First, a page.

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Sunday, February 11, 2007

What IS Foodservice Marketing Anyway?

If you haven't discovered Franklin Foodservice Solutions, Dave DeWalt is an expert at maximizing the manufacturer/distributor value exchange and his writings are incisive.

In his January newsletter, he asks the question "What IS Foodservice Marketing, Anyway?" and prompts a debate of the two tradtional approaches:

"There are Foodservice Marketing people at large, national branded, retail-driven companies who go about their business very much like their Retail counterparts. They think big thoughts about the big picture, focusing on building their brands. They spend a lot more time with operator research and even consumer research, looking for that magic that will pull their products through distributors. They steadfastly refuse to get sucked into the day-to-day haggling and dealmaking that keeps a lot of our distributor business working at the transactional level.

And there are Foodservice Marketing people, often at smaller, foodservice focused companies, who know how the foodservice game is played. They behave as if their brand has little power, focusing on countless pricing and promotion spending schemes to seize whatever volume becomes available that day. These Foodservice Marketing people function, for better or worse, in the realm of Sales Support, which some would argue is not Marketing at all."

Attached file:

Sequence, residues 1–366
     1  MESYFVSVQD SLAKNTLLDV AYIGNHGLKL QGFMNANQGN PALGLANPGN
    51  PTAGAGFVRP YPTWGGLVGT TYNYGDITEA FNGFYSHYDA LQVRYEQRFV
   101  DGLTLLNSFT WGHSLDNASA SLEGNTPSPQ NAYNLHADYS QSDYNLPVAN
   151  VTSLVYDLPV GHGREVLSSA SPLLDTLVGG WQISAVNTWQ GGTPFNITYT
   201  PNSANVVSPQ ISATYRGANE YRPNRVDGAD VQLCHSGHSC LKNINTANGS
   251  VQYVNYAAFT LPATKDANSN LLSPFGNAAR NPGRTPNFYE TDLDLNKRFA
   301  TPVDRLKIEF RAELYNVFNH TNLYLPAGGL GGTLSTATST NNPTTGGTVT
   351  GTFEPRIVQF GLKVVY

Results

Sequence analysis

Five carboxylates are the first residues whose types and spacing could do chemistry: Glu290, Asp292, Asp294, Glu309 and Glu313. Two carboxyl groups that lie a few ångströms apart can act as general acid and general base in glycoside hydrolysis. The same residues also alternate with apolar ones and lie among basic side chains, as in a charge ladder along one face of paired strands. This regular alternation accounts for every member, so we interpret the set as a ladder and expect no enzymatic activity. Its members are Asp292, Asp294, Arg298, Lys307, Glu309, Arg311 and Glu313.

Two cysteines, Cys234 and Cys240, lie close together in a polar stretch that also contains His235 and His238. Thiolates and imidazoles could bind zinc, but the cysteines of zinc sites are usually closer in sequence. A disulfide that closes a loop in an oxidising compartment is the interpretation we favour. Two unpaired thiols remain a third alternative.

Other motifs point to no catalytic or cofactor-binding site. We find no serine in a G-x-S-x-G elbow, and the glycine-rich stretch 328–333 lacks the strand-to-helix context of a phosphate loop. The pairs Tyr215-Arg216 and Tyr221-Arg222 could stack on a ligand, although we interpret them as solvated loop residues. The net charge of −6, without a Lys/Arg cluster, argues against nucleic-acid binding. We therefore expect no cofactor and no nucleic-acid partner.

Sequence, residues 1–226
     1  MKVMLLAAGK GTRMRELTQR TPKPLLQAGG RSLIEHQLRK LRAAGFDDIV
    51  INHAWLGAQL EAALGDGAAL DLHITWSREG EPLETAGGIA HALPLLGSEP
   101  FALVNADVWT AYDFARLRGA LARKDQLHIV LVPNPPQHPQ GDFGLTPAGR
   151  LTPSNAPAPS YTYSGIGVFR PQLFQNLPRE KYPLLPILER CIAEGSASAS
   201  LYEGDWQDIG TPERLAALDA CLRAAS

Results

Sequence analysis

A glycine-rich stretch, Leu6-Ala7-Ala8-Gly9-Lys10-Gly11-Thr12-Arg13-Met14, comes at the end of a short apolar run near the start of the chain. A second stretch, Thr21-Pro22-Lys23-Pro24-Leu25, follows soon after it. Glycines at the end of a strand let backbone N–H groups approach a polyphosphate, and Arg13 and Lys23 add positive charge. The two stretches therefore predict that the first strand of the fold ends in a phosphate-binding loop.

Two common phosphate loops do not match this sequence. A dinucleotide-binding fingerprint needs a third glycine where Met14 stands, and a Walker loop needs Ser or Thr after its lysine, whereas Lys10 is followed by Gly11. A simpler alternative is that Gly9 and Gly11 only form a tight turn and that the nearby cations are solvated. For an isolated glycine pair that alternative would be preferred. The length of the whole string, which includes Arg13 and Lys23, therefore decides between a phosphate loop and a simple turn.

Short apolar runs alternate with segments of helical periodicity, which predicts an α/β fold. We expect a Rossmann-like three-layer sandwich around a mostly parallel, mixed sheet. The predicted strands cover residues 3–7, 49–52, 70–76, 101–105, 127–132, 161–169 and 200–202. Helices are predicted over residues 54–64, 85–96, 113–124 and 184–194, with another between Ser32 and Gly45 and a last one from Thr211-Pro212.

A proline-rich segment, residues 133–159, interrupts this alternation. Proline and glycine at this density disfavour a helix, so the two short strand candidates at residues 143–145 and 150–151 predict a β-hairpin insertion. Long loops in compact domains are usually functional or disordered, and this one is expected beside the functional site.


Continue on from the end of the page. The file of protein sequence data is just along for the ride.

At Foodservice Rewards, we'd argue that both approaches miss the point. The most important function of foodservice marketing, in our view, is to help management to think of their company not as a group of products or services or functions or territories, but rather as a portfolio of customers. This requires a fresh mindset that:

1) Recognizes that customers are the only source of profits

2) Understands that each customer's profitability or unprofitability - and the reasons for it - are critically important to creating winning value propositions

3) Realizes that obtaining and analyzing this information (which used to be overwhelmingly difficult) is now practical

4) Champions a marketing and sales approach that organizes around customers and customer segments

Today powerful computing systems can track customer purchase behavior segment by segment (even operator by operator) fairly straightforwardly. E-mail and print-on-demand are bringing personalized communications to the foodservice industry. The result is tremendous pull through, especially when paired with a local distributor's brand (see Ginsberg's or E.G. Forrest examples).

We believe the coming revolution in foodservice marketing will occur as technology empowers manufacturers to transform into customer centric organizations delivering anticipated, relevant and personal benefits to their most valuable customers/customer segments.

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